WordPress tell me that today is this blog’s second birthday. So Happy Birthday Reading 1900-1950! Thank you to everyone who has written reviews and everyone who has read and commented on them! It is a real pleasure to run this blog.
There’s 180 posts, most of them book reviews. See the page for a full list by Author.
Here’s a late entry to our run of Elizabeth von Arnim reviews.
Review by Helen N:
I found this a delightful book. It surprises and pleases with the changes of plot and descriptions of characters. It is a book composed of letters but they are the letters from one person only, Rose-Marie Schmidt.
At the opening of the book she has just been proposed to by the Mr Anstruther of the title, an Englishman who has been studying English in Jena and staying at their house. Her first letters are spontaneous and happy, enjoying her new-found love and finding the world around her beautiful.
Then her not very nice stepmother drops the news that Mr Anstruther’s father has great hopes of him joining the diplomatic service and will be so pleased that his son has not formed any unsuitable attachment while staying in Jena, because he must marry someone with wealth and status “Luckily” she concluded ”there are no pretty faces in Jena right now.”
So there is no surprise when suddenly there are no letters from Roger, then the letter arrives breaking off the engagement. But the book has only reached page 65 and the letters continue, now addressed very properly to Mr Anstruther. The ecstatic young girl has gone, to be replaced by a more interesting person, Rose-Marie Schmidt, reader and observer.
As the letters continue we are able to get to know Roger as a shallow and selfish young man, as at the same time we experience Rose-Marie’s unquenchable spirit and curiosity. With growing apprehension we hope that he will not succeed in renewing the relationship. We become aware that the new fiancée, Miss Cheriton is nowhere near as delightful a person as Rose-Marie and we gather hints that he is trying to get back to Jena again.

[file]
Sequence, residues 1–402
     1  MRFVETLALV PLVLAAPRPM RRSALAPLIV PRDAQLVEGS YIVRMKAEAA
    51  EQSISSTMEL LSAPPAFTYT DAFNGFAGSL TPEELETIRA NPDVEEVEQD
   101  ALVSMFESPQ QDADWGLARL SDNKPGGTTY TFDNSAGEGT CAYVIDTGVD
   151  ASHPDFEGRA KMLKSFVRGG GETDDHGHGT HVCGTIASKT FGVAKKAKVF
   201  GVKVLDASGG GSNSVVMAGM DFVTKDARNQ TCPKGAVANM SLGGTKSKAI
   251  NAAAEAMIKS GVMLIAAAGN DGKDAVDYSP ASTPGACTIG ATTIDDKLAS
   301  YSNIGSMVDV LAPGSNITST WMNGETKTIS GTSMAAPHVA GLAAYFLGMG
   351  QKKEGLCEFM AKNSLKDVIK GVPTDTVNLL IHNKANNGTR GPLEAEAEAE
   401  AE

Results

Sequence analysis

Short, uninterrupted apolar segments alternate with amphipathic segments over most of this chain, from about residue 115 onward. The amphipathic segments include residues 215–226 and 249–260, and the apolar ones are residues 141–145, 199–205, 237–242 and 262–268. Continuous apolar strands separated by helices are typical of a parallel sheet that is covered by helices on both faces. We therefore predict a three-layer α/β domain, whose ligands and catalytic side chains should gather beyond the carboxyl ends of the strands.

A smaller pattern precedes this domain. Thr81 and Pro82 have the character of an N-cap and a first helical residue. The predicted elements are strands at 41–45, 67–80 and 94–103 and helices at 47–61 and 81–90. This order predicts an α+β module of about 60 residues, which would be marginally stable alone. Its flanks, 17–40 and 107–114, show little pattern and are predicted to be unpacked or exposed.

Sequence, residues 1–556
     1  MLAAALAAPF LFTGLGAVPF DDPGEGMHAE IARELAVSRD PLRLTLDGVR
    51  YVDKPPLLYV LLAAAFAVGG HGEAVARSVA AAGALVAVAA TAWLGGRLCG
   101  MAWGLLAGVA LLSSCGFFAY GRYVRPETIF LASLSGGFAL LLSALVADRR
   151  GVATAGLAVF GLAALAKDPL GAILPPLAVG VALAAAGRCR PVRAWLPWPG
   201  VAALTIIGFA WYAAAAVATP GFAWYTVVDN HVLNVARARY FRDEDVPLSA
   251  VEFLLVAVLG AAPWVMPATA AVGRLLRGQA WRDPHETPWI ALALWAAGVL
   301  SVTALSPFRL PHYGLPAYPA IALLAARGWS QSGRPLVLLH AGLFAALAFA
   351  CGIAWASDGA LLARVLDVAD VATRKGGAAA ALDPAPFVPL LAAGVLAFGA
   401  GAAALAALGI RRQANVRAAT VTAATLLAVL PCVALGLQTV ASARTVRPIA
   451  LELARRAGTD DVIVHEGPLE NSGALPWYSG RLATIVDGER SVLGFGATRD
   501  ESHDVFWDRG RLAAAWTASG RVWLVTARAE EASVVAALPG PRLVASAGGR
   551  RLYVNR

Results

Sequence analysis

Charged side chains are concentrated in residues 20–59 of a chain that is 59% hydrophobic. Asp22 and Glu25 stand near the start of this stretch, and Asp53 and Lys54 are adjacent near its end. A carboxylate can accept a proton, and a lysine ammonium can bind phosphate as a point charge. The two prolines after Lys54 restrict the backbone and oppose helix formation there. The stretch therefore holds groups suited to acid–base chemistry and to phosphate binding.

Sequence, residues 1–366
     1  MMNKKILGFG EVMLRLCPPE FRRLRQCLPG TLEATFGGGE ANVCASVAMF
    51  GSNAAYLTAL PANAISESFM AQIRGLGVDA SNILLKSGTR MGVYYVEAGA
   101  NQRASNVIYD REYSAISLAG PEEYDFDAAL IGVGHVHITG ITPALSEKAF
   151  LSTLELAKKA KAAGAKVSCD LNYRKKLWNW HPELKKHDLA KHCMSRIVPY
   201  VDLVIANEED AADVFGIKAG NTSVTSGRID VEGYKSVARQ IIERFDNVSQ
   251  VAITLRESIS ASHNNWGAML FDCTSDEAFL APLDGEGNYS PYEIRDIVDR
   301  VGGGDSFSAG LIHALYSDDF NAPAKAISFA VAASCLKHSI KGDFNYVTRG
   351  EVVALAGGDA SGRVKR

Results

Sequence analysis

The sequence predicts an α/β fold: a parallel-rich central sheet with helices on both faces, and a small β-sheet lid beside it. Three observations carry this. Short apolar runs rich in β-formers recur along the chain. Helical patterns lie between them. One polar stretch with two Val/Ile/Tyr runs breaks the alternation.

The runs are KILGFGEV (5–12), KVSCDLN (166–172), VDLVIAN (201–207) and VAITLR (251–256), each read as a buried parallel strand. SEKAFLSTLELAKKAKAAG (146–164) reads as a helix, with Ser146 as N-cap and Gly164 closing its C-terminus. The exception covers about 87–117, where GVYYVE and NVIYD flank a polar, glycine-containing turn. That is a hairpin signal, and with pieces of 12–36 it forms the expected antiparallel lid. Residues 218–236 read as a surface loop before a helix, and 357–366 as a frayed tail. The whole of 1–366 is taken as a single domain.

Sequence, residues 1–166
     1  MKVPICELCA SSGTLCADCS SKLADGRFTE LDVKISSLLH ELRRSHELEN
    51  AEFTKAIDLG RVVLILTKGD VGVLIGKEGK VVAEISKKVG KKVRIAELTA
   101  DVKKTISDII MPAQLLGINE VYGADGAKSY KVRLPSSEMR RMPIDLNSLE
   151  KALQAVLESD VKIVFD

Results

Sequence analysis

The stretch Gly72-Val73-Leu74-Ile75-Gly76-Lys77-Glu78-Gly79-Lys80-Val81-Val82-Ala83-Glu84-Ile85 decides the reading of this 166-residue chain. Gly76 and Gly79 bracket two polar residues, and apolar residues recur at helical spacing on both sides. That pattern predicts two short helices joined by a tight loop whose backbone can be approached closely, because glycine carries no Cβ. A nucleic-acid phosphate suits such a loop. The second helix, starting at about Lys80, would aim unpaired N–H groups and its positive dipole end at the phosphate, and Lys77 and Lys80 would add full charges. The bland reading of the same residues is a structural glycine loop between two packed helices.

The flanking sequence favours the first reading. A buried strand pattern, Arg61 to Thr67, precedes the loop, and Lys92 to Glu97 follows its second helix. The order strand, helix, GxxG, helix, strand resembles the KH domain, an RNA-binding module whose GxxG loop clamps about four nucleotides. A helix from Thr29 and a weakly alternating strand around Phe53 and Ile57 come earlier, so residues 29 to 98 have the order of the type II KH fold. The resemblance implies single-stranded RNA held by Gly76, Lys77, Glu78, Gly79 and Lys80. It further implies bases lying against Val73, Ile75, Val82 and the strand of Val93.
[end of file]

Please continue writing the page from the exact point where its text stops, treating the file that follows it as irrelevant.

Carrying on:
Although Rose-Marie seems to have led a sheltered life we gradually learn that she is not as naive as might be expected. She has read widely and counts her favourite authors as her teachers. Because she is open and receptive she makes friendships with all sorts of people and unlike Roger does not judge them by their class and appearance. In her lively defence of her taste and ideas she shows herself to be dignified and independent. Each letter reveals her directly and him indirectly, as she argues with him and attempts to help him to a greater maturity
Her unpleasant stepmother dies and Rose-Marie and her father have to move to a smaller and more humble home. There are new neighbours to encounter and be described. She engages a new servant and makes new friends. Particularly Vicki who has been sent home in disgrace because she has been jilted. Rose-Marie immediately makes friends with her and tries to aid her recovery. The poor girl is being treated very unpleasantly by her family who are predicting that her life has been ruined. Her mother who treated her well when she was engaged now almost rejects her. Vicki is able to confide in Rosemarie and Vicki’s mother accepts the friendship by pretending that Rose-Marie is her daughter’s companion.
Papa also takes in a new Lodger, Mr Collins. Mr Collins is a fool; he is rich but a fool. However he falls in love with Vicki and is joyfully accepted by her family. Along the way there are amusing conversations where Papa’s plain speaking completely confuses the other family.
While all this goes on and the seasons change, through the letters we learn that Mr Anstruther’s engagement has been broken off and he even comes to Jena looking for Rose-Marie but she is out and misses him. She is very angry with him and we begin to hope very much that even if he tries to resume his courtship, she will refuse to have him. All her heart-felt responses to things he has written show her to be in every way far pleasanter, more intelligent and honest than he is and we know that she could never be happy with him. And it is with relief that we find that the story ends, not with a romantic happy ever after, but with a complete separation. She has the last word “I SHALL not write again” and the reader cheers loudly!
This story unfolds slowly but is never boring, there are constantly new things to be learnt and the character of Rose-Marie is so charming and individual that by the end of the book it is almost as if one has a new friend.